It has long been known that since IFA’s and what they offer to clients is not carbon copies, regulation has been a little like hard work! Their move to make their lives easier by pushing the mass market towards the bankassurers has blown up in their faces!

    RDR 01/01/2012 will leave most of the general population without access to advice! Well done Mr Pants! 95% plus of the population without access because paying for the advice through products is so wrong! Tell that to the masses that have no savings and pensions to speak of in future years! Result of which is greater dependency on state in retirement! Well done!

    They say, beware of the unintended consequences of your actions but obviously not in Canary Wharf! They have requlated the profit out of advice and selling financial products and those banks that have not taken the bailout are free to make commercial decisions that have wrong footed the FSA – I do hope the other banks join them ! This will show the FSA to be the incompetent fools that they are!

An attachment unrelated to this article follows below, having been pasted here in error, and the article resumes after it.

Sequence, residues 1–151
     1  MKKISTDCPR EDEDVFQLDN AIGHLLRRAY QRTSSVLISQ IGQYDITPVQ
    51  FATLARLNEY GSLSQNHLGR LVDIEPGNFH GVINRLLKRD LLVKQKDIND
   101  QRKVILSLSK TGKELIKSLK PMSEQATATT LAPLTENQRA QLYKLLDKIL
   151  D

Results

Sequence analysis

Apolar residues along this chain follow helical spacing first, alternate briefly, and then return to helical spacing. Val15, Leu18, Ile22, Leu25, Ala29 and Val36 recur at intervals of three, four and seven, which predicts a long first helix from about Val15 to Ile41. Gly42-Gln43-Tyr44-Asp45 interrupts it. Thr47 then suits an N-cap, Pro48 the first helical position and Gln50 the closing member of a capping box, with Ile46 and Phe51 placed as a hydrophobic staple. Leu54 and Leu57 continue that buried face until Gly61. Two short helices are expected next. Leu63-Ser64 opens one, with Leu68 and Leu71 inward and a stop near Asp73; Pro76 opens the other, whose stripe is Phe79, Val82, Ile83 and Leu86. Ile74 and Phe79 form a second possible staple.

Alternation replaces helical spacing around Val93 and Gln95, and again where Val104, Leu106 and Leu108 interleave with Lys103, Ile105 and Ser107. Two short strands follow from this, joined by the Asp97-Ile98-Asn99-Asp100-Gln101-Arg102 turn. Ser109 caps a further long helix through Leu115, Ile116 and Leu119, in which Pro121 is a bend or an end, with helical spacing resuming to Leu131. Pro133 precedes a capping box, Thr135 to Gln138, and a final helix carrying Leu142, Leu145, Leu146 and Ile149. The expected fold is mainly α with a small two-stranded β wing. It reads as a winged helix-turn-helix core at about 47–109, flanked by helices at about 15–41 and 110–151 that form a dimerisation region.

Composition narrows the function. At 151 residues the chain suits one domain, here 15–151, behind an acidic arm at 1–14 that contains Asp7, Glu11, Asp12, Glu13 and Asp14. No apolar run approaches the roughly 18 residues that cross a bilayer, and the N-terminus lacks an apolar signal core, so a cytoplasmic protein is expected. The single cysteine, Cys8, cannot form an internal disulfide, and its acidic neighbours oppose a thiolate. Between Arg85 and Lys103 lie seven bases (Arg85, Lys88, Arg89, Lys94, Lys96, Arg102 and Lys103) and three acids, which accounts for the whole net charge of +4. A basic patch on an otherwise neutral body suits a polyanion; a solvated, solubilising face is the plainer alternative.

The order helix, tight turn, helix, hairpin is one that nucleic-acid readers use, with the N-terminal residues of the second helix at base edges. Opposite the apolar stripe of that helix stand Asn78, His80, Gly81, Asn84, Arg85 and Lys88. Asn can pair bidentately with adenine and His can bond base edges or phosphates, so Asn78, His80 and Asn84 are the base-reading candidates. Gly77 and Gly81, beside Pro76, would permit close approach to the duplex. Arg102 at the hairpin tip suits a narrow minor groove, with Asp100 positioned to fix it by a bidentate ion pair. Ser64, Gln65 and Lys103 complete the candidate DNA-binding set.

3. Marty The IIFA 3rd May 2012 at 12:06 pm

    @Julian Stevens 10.14. Julian a well written, well structured and well presented piece of drivel. You should apply for a job at FSA. We all earn our living by selling. Yes even those snobbish IFA’s who proport to be totally fee based. We sell our selves to clients, we sell what we do to our clients and we sell products to clients to solve financial needs. There is nothing wrong with this, there never has been and never will be. Maybe you are one of the tiny, tiny, tiny number of IFA’s being able to routinely charge fees and never actually produces anything for the client by way of filling in a proposal form and unless you are one of the even “tinyer” no of IFA’s who dont increase their fee by a relevant amount for implementing the recommended product or product (oh dear that is what we in the industry call selling a product) then I am not suprised you are struggling to make a living. I take then that you dont take commission if you sell term, phi critical illness etc either? The number of IFA’s who are on their high horse about being advisers not sales people is ridiculous. We (and I use the royal we here) WERE, ARE AND ALWAYS WILL BE PROFESSIONAL (& MOST OF US ARE ETHICAL) SALES PEOPLE. BE PROUD OF IT.